Trump, Boeing and Lockheed Martin CEOs meet to negotiate US contracts
On December 6, Trump tweeted that the cost of Boeing building the new Air Force One fleet was too expensive and that he was going to “cancel order!”
The multibillion-dollar contract with Boeing, which would facilitate the replacement of two 26-year-old 747 jumbo jets nearing the end of their 30-year lifespan, was approved by the undersecretary of defense in September 2015.
The design and development of the planes were originally set to cost $2.9 billion over the next five years, in addition to the $1 billion it would cost to build the actual planes.
At the time the contract was signed, Amy McCain, the Presidential Aircraft Recapitalization program manager, said, “[the Air Force is] focused on ensuring this program is affordable. This contract gets us started on determining how to modify a 747-8 to become the next Air Force One, and finding opportunities for cost reduction through detailed requirements choices, competition of subsystems, and in the sustainment of the aircraft after it has been fielded.”
After meeting with the president-elect, Boeing CEO Muilenburg told reporters, “we’re going to get it done for less than that, and we’re committed to working together to make sure that happens … we haven’t actually started the build of the airplane yet, but once we finalize the requirements and make sure that it’s affordable we’ll launch on building the aircraft. We’ve got a hot production line and we’re ready to go.”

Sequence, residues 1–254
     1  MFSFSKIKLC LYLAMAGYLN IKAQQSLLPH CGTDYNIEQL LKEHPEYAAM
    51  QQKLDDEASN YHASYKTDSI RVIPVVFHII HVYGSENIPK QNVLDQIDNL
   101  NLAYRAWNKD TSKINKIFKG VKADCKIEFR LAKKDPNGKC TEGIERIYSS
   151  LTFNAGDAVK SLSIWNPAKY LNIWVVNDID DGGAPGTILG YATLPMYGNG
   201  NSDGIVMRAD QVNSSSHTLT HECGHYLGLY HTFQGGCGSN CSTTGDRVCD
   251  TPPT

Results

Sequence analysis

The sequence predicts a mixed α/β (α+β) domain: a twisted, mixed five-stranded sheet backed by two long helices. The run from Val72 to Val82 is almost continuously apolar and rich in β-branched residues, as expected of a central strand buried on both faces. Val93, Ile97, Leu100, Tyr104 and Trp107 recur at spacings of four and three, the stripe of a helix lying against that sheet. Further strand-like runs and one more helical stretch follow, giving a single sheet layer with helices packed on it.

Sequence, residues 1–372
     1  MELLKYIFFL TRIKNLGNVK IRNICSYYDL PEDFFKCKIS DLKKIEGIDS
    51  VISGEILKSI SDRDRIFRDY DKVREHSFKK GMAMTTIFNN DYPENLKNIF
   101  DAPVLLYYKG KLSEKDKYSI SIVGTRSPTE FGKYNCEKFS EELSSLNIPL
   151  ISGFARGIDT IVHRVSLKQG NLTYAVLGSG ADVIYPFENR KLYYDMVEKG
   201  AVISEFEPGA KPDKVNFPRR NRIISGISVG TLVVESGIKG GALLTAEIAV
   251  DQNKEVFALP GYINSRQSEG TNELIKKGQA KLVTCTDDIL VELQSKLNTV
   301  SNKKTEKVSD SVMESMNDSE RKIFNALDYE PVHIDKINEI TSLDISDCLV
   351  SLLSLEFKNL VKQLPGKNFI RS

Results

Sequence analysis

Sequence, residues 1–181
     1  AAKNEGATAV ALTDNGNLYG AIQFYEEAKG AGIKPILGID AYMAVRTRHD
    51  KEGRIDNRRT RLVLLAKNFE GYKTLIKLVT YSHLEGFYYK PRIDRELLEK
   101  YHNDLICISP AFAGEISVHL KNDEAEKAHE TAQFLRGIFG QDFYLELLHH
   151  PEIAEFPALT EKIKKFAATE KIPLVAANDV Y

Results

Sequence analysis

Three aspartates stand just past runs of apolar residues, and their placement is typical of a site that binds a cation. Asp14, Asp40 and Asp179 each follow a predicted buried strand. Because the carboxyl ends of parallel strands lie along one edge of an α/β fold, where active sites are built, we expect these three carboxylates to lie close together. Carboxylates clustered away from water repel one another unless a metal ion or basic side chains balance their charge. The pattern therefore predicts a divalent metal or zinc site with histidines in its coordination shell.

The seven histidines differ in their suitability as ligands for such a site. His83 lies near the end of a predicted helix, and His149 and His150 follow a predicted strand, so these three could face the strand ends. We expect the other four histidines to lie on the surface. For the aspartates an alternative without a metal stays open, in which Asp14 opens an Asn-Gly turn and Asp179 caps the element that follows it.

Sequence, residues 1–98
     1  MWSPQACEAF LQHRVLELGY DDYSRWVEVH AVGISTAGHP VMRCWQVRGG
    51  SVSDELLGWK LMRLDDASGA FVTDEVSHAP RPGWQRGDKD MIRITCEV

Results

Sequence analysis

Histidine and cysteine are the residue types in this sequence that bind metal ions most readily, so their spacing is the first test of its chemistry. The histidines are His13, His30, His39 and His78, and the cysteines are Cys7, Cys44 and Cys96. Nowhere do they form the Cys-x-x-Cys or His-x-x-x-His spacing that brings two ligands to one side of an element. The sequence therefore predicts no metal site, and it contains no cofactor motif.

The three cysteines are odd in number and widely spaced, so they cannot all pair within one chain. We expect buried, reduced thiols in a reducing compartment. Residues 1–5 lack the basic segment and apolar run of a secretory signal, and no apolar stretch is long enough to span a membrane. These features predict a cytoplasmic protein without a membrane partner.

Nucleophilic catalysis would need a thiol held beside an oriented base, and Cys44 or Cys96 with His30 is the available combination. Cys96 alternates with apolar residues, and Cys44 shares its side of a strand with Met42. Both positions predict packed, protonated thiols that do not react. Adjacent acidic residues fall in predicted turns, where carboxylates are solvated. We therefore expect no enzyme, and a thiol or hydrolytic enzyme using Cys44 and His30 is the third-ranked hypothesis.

“It's a dance, you know, it's a little bit of a dance,” Trump told reporters, adding that the CEOs were “good negotiators.”
There is no word on how much cheaper the new contract is going to be for the government, but, at this time, Boeing has only received $170 million of the contract in order to design the new planes.
Trump also plans to meet with Marillyn Hewson, the CEO of Lockheed Martin, a company that has the contract for the F-35 fighter jet program, which Trump also wants to cut.
The F-35s, which are used by both the Marine Corps and the Air Force are currently costing the government an estimated $379 billion and ultimately is set to cost around $1.5 trillion, making it the most expensive weapons system in US history.
Lockheed Martin has publicly stated that it welcomes “the opportunity to address any questions the president-elect has about the program.”
However, Lt. General Chris Bogdan, who runs the F-35 program for the Pentagon, said, “I don't think the program cost wise is out of control nor do I think that it's out of control schedule wise."
After Trump tweeted about both companies, Boeing stock fell 0.72 percent and General Dynamics (Lockheed Martin) stock fell 2.87 percent. However, both stocks rose by the end of the day, with Boeing stock ending the day at 0.43 percent higher than it started. And, even after it took a slight dip in the market, Lockheed Martin's stock has gained more than 16 percent over the course of the year.